The Junket Junkie
Not only are there photographers who travel, there are trips designed specifically for the photographer. These travel junkets take photographers to unique and foreign locales expressly for the purpose of taking great photographs (Figure 3.5).
Figure 3.5. This compelling photo of an Indian woman and child was taken during an arranged village visit on an American Photo Mentor Trek. (Photo by Reed Hoffmann)
Many photography travel junkets are scheduled like fancy group vacations with tours and visitations to photographic locations. Others are educational seminars, with classes and photography critiques.
The photo junket is a fantastic way to go on a vacation that is guaranteed to be photographically interesting. Many of these seminars are sponsored by camera manufacturers and digital photography gear companies that provide materials for hands-on instruction, thus giving you an opportunity to practice photography while using some of the newest and coolest tools on the market. You can usually experiment with some of best of what's available for the photographer, from carbon fiber tripods to lenses, to inkjet printers.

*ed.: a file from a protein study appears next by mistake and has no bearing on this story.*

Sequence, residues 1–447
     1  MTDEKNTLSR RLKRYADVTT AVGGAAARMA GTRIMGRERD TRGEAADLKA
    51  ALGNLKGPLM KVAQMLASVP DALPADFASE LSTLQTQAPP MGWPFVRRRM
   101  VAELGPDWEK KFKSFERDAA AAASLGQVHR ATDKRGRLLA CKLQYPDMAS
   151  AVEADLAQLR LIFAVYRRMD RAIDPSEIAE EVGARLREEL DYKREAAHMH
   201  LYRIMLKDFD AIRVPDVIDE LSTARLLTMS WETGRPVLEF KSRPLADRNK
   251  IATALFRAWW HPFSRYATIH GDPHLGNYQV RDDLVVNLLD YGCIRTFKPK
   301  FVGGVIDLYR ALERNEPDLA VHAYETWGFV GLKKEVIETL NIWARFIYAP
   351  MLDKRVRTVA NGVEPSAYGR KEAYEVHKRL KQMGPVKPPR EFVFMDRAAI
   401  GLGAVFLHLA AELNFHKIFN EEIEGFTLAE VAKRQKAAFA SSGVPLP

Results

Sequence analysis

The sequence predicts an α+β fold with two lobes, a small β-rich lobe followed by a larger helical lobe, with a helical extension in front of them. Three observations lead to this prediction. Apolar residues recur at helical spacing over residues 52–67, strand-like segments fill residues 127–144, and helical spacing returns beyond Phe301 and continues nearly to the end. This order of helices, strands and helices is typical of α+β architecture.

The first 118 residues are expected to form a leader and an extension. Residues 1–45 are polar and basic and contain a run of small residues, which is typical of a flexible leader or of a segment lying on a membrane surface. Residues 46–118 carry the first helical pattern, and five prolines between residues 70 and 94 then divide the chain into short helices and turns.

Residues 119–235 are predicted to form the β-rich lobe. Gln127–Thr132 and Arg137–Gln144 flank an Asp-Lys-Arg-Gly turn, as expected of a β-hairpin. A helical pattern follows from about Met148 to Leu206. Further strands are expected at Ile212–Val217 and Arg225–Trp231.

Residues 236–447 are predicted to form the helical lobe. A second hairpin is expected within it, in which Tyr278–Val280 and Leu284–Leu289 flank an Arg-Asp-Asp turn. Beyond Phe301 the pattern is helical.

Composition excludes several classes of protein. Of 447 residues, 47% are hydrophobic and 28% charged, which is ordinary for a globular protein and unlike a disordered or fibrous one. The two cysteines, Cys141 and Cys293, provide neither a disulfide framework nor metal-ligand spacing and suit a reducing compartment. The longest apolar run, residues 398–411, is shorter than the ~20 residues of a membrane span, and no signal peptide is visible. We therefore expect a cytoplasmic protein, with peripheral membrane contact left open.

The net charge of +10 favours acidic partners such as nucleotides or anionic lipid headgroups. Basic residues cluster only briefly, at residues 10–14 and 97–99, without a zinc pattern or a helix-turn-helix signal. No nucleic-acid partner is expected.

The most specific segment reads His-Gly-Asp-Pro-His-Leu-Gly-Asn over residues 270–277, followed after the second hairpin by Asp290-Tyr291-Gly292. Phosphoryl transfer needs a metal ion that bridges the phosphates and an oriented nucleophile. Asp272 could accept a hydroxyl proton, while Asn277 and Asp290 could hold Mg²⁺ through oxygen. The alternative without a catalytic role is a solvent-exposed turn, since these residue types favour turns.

Photo instruction trips aren't for everyone, and different junkets are tailored for different types of students. Some of these trips require all the participants to travel together to different locations, which limits the amount of independent photography time, but ensures that everyone has a chance to see the "classic" shooting scenes. It's slower to move as a group, and you're less likely to be able to spend a few hours lingering over something that you find particularly interesting. On the other hand, there are more photographers around to interact with and it's a more social experience.
Figure 3.6. Reviewing pictures at the end of the day during a photo instruction trip.
Other trips (especially those aimed primarily at pros) require participants to research their own subjects and travel on their own to shoots. The classroom portion of such trips can be an intense experience with guest speakers and instructors drawn from all over the professional world.